my $results_line = <$log>;
        my ($val,$err) = $results_line =~ /^Results.*\((.*),(.*)\)$/
            or die "bad results line";

        print "$x,$y,$val:$err\n";
    }
}

One of the benefits of this approach is that your variables are now properly scoped. A simpler version of this program is:

#!/usr/bin/perl

use strict;
use warnings;

use ARGV::readonly; #prevent files like "|ls" from breaking us

print "X,Y,Val\n";
while (<>) {
    my ($x, $y) = /\((-?[0-9]+),(-?[0-9]+)\)/
        or die "bad coored line";
    my ($val,$err) = <> =~ /^Results.*\((.*),(.*)\)$/
        or die "bad results line";

    print "$x,$y,$val:$err\n";
}

Another variant that takes into account the possibility of lines between the two lines we care about. It assumes the first coordinate pair is the right one:

#!/usr/bin/perl

use strict;
use warnings;

use ARGV::readonly; #prevent files like "|ls" from breaking us

print "X,Y,Val\n";
while (<>) {
    next unless my ($x, $y) = /\((-?[0-9]+),(-?[0-9]+)\)/;
    my ($val, $err);
    while  (<>) {
        last if ($val, $err) = /^Results.*\((.*),(.*)\)$/;
    }
    die "bad format" unless defined $val;
    print "$x,$y,$val:$err\n";
} 

And this one handles the case where you want the last coordinate line:

#!/usr/bin/perl

use strict;
use warnings;

use ARGV::readonly; #prevent files like "|ls" from breaking us

print "X,Y,Val\n";
my ($x, $y);
while (<>) {
    ($x, $y) = ($1, $2) if /\((-?[0-9]+),(-?[0-9]+)\)/;
    next unless my ($val, $err) = /^Results.*\((.*),(.*)\)$/;
    print "$x,$y,$val:$err\n";
} 
share|improve this answer
    
I got the impression that there may be irrelevant lines between the relevant ones. If so, it is not certain that the "Results" line follows the x,y line. –  TLP Jul 16 '11 at 20:24
    
@TLP then it is simple to add a second while loop that searches until it finds the Results line. –  Chas. Owens Jul 16 '11 at 20:34
    
@TLP, yes that's correct. These files are over 100,000 lines, most of which is not relevant to this data. –  OregonTrail Jul 16 '11 at 21:10

I am a big proponent of readability and not brevity. Perl is pretty good at optimizing your code, so you don't have to worry about it. Don't get overly concerned about the number of lines, and keep your code readable. What ever you save (if you save anything) in CPU time will be wasted in the time and errors generated by trying to maintain a hard to read program.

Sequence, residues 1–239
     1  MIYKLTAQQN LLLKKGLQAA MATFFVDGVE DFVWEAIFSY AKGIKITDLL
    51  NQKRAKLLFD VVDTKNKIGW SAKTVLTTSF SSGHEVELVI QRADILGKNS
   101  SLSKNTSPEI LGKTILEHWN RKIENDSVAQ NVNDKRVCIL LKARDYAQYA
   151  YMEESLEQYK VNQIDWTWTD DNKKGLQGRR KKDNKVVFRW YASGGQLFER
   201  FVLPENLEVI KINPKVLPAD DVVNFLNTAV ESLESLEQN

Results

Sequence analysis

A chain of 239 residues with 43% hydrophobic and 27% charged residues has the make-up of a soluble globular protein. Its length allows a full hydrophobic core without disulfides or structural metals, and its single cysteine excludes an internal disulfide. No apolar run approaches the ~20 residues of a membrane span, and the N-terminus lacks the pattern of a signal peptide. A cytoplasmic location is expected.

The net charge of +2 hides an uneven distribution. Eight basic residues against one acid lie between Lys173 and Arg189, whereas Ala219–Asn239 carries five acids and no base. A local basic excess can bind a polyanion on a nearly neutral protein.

In that respect:

  • Don't use post-suffix if statements unless it's something very simple such as next if (s/^\s*$/);.
  • Use variable names and don't depend upon $_.
  • Use spaces after commas.

On top of that, I would add:

  • Don't be afraid to add parentheses if they help clarify what you're doing. I tend to use parentheses if functions have more than two arguments just to help hold arguments together:

For example:

open my $foo, "<", $bar or die qq(This is the end!\n);

vs.

open (my $foo, "<", $bar) or die qq(This is the end!\n);

It's now more obvious which part of the line are parameters in the open function.

The line that I am least thrilled with is:

if (defined($x) && defined($y) && defined($val) && defined($err)){

What's wrong with this line? It's perfectly clear what you're trying to say. I'd use a bit more modern syntax and add in some parentheses to help regroup to make it clearer:

if ((defined $x) and (defined $y) and (defined $val) and (defined $err)) {

Looking at what you're doing, I'd rearrange things a bit...

#! /usr/bin/env perl

use strict;
use warnings;
use features qw(say);

say "X, Y, Val";

for my $filename (<>) {
    open (my $log, "<", $filename) or die $!;

    my ($x, $y, $value, $err);
    while (chomp (my $coord_line = <$log>)) {
        if ($coord_line =~ /\((-?[0-9]+),(-?[0-9])\)/) {
           ($x, $y) = ($1, $2);
        }
        elsif ($coord_line =~ /^Results.*\((.*),(.*)\)$/) {
           ($val, $err) = ($1, $2);
           say "$x, $y, $val:$err";
        }
    }
}

}

Notice I am now just checking a line once. And, notice that I am printing when I get a result which eliminates the need for checking if all variables are set.